Decision Fatigue#

Making decisions is hard work, even if the decisions are low stakes. As proof consider the following questions from your ordinary life:

  • “Where do we want to eat tonight?”

  • “Which toothpaste brand should I buy?”

These decisions cause fatigue. At work we help our team by taking on the burden of making good decisions.

When this comes up#

If I’ve directed you to this article it’s because you were in charge of a thing, ran into a roadblock, and then said one of the following:

  • “What do we want to do in this situation?”

  • “How do we feel about X?”

  • “How do we want to proceed?”

It’s good that when you feel uncertain you ask for input. Good job 👍.

However, the phrasing of your question shifts the burden from your shoulders to the group. This I don’t like as much. Instead, I recommend the following phrasing:

  • “I’m figuring out X, but I’m running into a problem and I could use some advice.”

    “Here is what I want to achieve …”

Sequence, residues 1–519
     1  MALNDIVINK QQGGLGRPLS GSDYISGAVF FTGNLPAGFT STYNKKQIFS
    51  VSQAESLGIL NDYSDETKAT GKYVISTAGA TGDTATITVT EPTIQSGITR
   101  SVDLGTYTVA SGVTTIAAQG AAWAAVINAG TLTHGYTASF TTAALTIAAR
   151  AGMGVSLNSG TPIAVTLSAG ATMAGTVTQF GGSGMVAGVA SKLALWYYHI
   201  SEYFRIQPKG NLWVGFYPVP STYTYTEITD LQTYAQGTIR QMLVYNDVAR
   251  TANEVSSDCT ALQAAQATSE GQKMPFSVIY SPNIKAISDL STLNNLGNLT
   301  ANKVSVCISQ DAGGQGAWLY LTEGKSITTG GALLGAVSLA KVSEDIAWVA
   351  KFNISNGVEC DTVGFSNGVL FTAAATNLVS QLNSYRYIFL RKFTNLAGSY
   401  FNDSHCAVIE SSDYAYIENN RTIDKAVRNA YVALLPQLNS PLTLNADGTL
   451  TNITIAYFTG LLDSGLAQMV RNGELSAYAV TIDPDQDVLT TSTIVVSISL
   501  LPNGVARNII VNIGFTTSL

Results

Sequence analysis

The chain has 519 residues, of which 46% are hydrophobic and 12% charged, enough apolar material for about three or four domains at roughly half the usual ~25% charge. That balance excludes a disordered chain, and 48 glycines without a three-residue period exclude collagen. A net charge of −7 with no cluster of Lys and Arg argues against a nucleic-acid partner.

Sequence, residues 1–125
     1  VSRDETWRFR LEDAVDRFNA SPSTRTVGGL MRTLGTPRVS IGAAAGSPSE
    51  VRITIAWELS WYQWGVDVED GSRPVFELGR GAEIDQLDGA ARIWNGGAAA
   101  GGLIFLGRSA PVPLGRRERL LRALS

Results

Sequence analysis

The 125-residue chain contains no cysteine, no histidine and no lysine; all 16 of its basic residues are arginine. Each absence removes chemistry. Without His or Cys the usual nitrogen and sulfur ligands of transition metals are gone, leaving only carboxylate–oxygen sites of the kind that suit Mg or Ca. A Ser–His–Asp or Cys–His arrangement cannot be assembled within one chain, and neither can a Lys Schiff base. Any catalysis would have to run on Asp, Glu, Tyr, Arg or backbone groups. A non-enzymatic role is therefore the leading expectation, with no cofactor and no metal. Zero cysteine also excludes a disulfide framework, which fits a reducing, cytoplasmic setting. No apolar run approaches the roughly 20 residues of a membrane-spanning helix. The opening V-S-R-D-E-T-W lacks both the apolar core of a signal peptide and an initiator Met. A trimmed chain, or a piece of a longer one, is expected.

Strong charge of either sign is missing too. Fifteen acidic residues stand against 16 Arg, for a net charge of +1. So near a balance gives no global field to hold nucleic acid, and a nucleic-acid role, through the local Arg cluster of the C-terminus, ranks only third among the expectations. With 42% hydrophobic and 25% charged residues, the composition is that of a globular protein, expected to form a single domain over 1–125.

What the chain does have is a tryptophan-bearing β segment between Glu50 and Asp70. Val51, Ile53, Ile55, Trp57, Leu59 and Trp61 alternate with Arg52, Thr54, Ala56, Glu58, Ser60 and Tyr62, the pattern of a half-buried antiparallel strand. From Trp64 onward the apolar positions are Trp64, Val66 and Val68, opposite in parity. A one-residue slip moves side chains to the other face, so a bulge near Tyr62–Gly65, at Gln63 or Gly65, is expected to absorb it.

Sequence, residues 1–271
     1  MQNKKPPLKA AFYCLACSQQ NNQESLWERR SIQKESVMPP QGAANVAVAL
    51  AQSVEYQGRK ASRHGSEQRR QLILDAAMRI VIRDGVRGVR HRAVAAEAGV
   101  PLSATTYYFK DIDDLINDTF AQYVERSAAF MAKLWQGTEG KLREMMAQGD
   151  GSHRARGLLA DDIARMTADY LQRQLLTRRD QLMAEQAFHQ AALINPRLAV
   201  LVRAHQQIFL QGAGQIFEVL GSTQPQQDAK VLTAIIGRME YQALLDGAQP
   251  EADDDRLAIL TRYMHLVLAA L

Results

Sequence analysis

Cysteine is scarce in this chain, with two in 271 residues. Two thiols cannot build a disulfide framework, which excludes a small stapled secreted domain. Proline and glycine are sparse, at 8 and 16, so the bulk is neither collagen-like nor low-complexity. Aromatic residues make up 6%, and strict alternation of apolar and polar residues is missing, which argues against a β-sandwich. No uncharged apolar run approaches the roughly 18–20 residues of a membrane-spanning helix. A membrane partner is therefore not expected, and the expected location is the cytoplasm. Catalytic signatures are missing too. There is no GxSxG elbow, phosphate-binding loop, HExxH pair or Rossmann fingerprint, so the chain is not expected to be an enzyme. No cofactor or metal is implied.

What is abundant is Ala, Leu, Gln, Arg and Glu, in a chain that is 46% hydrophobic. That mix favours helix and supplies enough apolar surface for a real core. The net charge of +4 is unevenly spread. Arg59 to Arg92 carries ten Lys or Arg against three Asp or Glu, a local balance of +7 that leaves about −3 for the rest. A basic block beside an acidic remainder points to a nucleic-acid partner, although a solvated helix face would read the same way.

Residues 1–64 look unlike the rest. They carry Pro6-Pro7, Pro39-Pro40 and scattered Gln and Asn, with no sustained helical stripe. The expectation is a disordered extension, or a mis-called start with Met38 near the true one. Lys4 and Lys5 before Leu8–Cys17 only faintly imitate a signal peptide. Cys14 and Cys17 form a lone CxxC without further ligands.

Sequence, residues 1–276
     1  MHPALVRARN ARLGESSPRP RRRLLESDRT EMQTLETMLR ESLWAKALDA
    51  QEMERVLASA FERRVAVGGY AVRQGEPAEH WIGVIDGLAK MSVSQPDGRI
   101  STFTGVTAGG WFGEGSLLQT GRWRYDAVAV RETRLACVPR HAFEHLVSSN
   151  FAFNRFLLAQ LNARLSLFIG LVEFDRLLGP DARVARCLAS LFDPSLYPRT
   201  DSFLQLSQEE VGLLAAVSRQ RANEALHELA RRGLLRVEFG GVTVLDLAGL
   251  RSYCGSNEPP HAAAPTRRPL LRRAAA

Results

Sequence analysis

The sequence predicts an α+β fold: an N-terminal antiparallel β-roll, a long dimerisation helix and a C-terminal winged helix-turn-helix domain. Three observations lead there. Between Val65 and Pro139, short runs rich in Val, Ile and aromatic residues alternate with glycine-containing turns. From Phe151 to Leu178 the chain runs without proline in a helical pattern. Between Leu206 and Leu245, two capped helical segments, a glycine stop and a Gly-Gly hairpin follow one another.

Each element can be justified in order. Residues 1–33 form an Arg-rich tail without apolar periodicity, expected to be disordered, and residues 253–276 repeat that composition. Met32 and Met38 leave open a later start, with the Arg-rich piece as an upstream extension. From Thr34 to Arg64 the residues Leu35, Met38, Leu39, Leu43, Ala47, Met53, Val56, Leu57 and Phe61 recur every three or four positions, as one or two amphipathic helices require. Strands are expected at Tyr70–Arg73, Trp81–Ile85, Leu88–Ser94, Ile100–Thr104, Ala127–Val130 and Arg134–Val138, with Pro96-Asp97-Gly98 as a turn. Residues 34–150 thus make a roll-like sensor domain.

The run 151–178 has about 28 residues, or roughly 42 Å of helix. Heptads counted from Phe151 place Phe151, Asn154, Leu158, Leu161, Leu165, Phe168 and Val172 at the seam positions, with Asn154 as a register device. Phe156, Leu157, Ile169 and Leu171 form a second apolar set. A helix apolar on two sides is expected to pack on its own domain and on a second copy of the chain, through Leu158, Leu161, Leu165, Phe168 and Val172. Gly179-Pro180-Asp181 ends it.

“This is where I’m getting stuck …”

    “Without input I would likely do the following …”

With this phrasing you keep the burden on your shoulders, and merely ask the group for advice. This is easy for others! People love giving advice 🎉

The second phrasing makes it easy for your colleagues to help without asking them to make a decision. You continue to carry the burden of glory/shame if things go well/poorly.

Context vs Control#

This feels like the flip-side of Netflix’s value, Context vs Control.

As a manager I work to give folks context so that they can make good decisions on the ground on their own. No one wants me micro-managing. People like this behavior. People like to control their work.

However, part of context vs control is that the team member shouldn’t give back control when the going gets tough. They should own the hard decisions (taking in a lot of input from others of course). If you’re going to ask someone else to make the hard decisions then you should have them do that work directly.

  • It sucks not being able to control your own work

  • It sucks having to control other work for which you’re not on the ground

Of course, if you’re feeling genuinely out of your depth then definitely send control (and context) back up the chain of command and ask for different work.

Final Thoughts#

I suspect that some people generally agree / find obvious what I wrote above. The one thing I find isn’t well understood is the interpretation of these two different phrases:

  • “What do we want to do?” (Burdens the team with the decision)

  • “I’m figuring out what to do and could use some advice” (Keeps the burden on the asker’s shoulders)

I really like it when people do the second thing.